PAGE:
The low number of escapes (70) and attempted escapes (38) from January 2008 to August 2014 indicates that the Department has generally been very successful in managing risk. In particular, there have been very few escapes from truly ‘secure’ places such as maximum or medium security prisons, secure prisoner transport services or courts. The majority of escapes have occurred from low security situations such as work camps, minimum security prisons, and external activities organised through such facilities. The number of such escapes from low security situations has been extremely low when placed alongside the number of opportunities.
This review found that most escapes are opportunistic and do not involve well thought out plans and preparation. Heightened vigilance of staff members to opportunistic risks, particularly when managing people outside custodial facilities, is therefore essential in managing the risk of escape. It is also essential that mechanisms to prevent escape, including the use of restraints and properly following policies and procedures, are carried out correctly and consistently.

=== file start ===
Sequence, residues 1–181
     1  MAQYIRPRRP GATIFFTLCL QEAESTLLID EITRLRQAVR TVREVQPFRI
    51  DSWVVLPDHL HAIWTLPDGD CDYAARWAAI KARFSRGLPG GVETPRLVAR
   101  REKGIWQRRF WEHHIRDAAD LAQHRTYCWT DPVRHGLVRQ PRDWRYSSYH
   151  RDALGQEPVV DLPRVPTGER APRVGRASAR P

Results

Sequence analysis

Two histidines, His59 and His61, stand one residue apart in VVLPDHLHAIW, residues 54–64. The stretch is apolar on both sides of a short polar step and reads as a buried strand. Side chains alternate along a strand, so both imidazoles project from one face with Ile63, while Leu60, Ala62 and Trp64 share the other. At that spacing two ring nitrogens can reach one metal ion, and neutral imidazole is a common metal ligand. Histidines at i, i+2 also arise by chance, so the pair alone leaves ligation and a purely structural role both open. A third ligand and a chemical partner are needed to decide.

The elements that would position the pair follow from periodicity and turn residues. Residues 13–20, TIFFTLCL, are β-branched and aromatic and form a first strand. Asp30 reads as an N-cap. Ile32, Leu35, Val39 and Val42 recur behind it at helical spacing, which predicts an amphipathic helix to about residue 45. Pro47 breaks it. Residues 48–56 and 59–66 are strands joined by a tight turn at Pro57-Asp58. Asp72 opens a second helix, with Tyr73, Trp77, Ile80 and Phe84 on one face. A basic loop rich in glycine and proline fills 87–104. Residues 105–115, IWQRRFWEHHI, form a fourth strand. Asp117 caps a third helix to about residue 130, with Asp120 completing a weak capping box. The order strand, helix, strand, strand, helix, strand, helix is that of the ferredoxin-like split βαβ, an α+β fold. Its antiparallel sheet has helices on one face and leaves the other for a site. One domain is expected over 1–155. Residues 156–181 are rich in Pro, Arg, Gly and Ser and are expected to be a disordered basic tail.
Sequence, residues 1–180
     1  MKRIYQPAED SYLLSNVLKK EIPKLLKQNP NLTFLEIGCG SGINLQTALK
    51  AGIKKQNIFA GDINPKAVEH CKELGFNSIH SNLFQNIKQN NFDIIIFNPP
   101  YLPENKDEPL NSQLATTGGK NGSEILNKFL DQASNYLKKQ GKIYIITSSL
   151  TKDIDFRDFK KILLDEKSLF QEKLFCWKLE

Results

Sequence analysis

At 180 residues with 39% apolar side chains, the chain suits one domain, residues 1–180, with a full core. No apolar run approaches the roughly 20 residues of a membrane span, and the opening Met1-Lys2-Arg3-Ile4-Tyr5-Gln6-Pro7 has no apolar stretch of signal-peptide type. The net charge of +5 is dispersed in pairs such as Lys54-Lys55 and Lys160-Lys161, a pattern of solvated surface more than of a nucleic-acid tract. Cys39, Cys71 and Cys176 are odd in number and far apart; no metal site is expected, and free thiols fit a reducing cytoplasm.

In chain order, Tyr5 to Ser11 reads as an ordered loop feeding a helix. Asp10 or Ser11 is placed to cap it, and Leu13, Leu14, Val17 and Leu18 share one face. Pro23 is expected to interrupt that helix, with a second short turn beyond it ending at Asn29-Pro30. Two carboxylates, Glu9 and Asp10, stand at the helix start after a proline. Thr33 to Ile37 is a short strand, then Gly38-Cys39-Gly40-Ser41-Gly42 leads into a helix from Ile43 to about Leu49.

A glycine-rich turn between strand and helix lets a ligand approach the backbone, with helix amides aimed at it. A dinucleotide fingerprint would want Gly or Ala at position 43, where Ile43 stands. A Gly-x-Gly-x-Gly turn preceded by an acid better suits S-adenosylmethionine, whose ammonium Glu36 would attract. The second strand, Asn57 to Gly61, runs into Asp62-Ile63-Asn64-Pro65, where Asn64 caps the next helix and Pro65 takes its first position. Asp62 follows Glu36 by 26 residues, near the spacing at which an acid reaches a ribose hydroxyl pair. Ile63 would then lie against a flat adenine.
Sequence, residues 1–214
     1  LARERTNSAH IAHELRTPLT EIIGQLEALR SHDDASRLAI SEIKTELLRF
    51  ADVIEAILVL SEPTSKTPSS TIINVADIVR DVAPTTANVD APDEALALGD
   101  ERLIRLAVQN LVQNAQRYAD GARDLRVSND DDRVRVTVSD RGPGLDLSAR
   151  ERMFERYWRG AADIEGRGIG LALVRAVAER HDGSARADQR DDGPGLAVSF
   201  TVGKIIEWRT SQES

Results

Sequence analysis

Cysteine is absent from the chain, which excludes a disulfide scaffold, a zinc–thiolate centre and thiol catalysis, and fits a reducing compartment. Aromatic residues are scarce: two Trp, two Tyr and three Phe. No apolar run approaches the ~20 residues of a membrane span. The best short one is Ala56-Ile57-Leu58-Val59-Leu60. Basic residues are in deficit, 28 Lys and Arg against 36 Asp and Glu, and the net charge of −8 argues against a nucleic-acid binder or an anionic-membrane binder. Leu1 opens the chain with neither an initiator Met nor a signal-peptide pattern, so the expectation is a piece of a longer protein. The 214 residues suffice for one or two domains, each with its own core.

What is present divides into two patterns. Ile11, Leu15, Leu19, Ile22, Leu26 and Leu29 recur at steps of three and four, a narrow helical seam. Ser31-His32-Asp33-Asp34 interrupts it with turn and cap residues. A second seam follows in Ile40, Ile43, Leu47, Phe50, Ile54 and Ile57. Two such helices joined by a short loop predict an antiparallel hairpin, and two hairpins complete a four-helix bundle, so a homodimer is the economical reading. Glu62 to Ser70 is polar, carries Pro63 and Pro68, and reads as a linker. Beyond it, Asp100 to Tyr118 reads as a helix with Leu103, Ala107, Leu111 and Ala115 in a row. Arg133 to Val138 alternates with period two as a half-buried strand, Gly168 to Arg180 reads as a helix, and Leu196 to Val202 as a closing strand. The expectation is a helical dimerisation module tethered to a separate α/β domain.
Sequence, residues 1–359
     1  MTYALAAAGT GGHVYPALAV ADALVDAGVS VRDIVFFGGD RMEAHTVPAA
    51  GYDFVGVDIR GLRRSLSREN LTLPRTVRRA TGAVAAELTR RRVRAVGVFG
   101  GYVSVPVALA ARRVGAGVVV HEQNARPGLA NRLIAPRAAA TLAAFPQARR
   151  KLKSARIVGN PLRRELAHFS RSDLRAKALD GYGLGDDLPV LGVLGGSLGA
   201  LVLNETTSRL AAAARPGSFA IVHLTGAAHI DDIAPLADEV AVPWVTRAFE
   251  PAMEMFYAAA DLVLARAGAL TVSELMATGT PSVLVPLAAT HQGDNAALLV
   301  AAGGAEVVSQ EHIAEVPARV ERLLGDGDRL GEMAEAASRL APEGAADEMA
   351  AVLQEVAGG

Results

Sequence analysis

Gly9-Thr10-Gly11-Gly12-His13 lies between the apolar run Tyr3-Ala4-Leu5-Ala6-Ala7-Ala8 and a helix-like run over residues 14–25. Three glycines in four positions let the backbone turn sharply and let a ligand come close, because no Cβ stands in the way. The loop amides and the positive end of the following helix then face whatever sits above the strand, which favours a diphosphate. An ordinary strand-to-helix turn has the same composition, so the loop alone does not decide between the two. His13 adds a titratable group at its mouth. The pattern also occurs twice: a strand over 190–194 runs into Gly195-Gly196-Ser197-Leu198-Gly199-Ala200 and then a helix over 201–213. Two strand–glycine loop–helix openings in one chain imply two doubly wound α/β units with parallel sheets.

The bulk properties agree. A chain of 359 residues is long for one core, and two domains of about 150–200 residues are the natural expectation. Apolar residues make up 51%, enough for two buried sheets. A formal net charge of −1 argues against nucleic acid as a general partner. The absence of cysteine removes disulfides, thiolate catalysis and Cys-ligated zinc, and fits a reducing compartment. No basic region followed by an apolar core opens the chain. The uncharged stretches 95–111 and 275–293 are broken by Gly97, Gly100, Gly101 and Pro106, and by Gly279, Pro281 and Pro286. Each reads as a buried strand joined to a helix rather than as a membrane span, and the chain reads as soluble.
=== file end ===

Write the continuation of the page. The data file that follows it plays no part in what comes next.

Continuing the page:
Overall, the Department’s responses to escapes demonstrate significant learning from one incident to the next. However it has room to improve in some areas, in particular improving its escape alert system and monitoring the impact of its changes to policy and procedure.